Double Bishops’ Gambit 10: Final exam

An Internet chess server told me that I’d played 64 Double Bishops’ Gambits, which moved me to finishing this series of blog posts. Chessplayers are weird about the number 64.

We talked about 1. e4 e5 2. f4 as immediately worthless, but gambling that after 2…exf4, White will soon be paid off with a mobile center majority by d2-d4, and balancing the material deficit by Bc1xf4.

But 2..exf4 threatens 3…Qd8-h4+, so what does White do about that. The interpositions g2-g3 and Ng1-h3-f2 don’t cut it, while fleeing to e2 (3. Nc3 or 3. d4 Qh4+ 4. Ke2) is cumbersome, and fleeing to f1 (3. Bc4 Qh4+ 4. Kf1) can be hard on the king rook.

If White doesn’t want to interpose, or flee following 3…Qd8-h4+, there’s capturing by 3. Nf3 Qh4+ 4. Nxh4 — it’s happened — though it’s more likely that Black will aim to hold the cramping pawn on f4 by 3…g7-g5. Then 4. h4 g4 5. Ne5 and 5. Ng5 might not lead to as original a position as hoped.

Then there’s Stamma’s move 3. h2-h4, which does two things: 1) Prevents 3…Qd8-h4+ by putting Rh1xh4 in store, and 2) suggests against …g7-g5, because h4xg5 opens the rook’s file.

The Syrian master Philipp Stamma (1705?-1755?) invented the coordinate grid notation in universal use today. His 1745 book The Noble Game of Chess — like so many others — was forgotten when Philidor’s Analysis of the Game of Chess debuted in 1749, on its way to becoming a landmark in modern chess theory.

In The Noble Game of Chess, Stamma labeled 1. e4 e5 2. f4 exf4 3. Bc4 the Bishop’s Gambit, which still stands. He called 3. Nf3 the Knight’s Gambit, which no one uses today because the opening’s identity will be made specific later. He called 3. h4 the Pawn’s Gambit, though the literature evolved to turn 3. h4 into the Stamma Gambit, as if the guy ought to be remembered for something.

Modern chessplayers want to play like their computers, so 1. e4 e5 2. f4 is too speculative for them. And 2…exf4 3. h4 would cause their heads to explode, because it is so bad.

2. f4 didn’t do anything immediately but place a bet on future prospects. 3. h4 is less useful than that — it does nothing for White’s center control or development, and is aimed solely at inhibiting a couple of Black’s good options.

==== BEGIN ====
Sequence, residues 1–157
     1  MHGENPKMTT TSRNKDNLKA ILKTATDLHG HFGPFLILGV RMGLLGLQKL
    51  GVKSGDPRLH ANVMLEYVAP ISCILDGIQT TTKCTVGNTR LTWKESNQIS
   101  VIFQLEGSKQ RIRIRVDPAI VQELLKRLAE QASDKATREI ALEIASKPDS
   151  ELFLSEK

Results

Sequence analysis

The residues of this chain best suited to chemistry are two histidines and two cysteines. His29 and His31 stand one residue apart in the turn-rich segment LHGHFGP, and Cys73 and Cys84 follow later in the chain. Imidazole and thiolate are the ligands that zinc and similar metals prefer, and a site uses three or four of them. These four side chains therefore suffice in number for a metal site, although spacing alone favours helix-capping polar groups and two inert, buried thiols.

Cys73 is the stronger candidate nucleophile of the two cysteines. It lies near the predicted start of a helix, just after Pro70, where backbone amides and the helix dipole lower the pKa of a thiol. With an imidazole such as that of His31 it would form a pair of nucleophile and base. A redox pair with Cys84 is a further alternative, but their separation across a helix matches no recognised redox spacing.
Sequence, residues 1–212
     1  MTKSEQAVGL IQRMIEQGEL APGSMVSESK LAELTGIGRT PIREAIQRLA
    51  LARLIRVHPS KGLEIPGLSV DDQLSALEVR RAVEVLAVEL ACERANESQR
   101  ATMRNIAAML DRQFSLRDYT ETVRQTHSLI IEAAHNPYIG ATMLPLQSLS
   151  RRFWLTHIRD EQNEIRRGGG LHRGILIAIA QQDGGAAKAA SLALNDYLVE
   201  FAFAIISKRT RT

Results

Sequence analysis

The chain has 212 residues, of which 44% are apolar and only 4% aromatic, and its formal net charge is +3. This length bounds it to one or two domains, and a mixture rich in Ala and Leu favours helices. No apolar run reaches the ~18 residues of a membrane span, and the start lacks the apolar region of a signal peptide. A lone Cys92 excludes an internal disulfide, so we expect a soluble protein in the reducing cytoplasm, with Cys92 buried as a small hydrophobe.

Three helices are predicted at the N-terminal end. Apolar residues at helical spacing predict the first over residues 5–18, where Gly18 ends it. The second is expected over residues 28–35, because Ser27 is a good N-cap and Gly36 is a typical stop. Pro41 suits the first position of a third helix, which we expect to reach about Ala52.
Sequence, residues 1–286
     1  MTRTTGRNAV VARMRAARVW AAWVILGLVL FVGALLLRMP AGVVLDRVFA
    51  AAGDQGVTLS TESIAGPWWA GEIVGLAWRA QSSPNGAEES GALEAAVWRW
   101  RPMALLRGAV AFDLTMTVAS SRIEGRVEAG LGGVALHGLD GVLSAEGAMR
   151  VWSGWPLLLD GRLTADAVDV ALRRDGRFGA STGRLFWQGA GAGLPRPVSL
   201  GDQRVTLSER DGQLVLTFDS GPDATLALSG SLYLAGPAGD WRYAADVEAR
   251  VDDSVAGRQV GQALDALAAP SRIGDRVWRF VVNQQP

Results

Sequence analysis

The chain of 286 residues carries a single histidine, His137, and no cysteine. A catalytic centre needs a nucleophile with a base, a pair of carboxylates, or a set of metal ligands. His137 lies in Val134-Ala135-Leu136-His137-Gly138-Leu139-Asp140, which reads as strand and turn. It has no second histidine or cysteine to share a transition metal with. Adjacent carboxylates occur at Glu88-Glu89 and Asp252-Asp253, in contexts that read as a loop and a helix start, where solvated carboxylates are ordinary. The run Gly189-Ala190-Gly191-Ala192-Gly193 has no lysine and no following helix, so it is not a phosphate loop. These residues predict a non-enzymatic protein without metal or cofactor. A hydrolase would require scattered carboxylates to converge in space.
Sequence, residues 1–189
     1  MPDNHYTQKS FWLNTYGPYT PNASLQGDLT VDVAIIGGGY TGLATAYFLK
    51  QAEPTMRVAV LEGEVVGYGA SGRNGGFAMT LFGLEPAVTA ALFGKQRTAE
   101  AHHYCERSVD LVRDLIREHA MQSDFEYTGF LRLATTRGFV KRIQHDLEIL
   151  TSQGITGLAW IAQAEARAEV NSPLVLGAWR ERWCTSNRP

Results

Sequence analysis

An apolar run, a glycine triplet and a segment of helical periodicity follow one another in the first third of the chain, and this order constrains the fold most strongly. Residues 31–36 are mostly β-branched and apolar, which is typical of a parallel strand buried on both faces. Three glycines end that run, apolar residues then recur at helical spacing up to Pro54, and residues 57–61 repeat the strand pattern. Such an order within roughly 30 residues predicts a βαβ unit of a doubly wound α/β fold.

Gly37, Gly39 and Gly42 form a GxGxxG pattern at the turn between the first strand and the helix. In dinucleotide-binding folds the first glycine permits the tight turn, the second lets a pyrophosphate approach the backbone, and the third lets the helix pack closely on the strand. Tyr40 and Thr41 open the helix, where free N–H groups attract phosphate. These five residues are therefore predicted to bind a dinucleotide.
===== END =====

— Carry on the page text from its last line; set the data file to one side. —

3. h4 doesn’t appear in opening books, because the strong players who write opening books think — correctly — it’s not worth mentioning to players at their level. I mention it — and have played it a couple hundred times — because I’m not at their level; I’m at yours.

Black should blink at 3. h4 for being unusual, then go about his business with 3…d7-d5 or 3…Ng8-f6. But the spirit of Morphy’s opponent George W. Lyttelton lives within today’s average players, who see the pawn on h4, and play 3…Bf8-e7 to threaten to capture that pawn with check. Chessplayers love to capture with check — the late master Eric Schiller taught lessons about the wondrousness of capturing with check. A Schiller student might hop right on that 3…Be7 bus.

Then White can play 4. Ng1-f3 to guard that pawn, though I think White should prefer to treat 3…Bf8-e7 as a harmless threat, and ignore it by 4. Bf1-c4.

Black will play 4…Be7xh4+ with delight, and here’s the difference between the Bishop’s Gambit 1. e4 e5 2. f4 exf4 3. Bc4 Qh4+ 4. Kf1 and the Double Bishops’ Gambit (‘double’, because two bishops in play, and two pawns sacrificed) 1. e4 e5 2. f4!? exf4 3. h4? Be7 4. Bc4 Bxh4+ 5. Kf1: In the Bishop’s Gambit, White’s king rook is stuck behind the king on f1. In the Double Bishop’s Gambit, the h-pawn is gone, so the rook is free.

OK, here’s your test. I’ve been telling you for years which parts of the lecture would be on the test, and now you can show that you’ve been keeping notes or listening.

If it were White’s move again — let’s imagine White gets to make two moves in a row, an additional move to accompany 5. Kf1 — what does White do?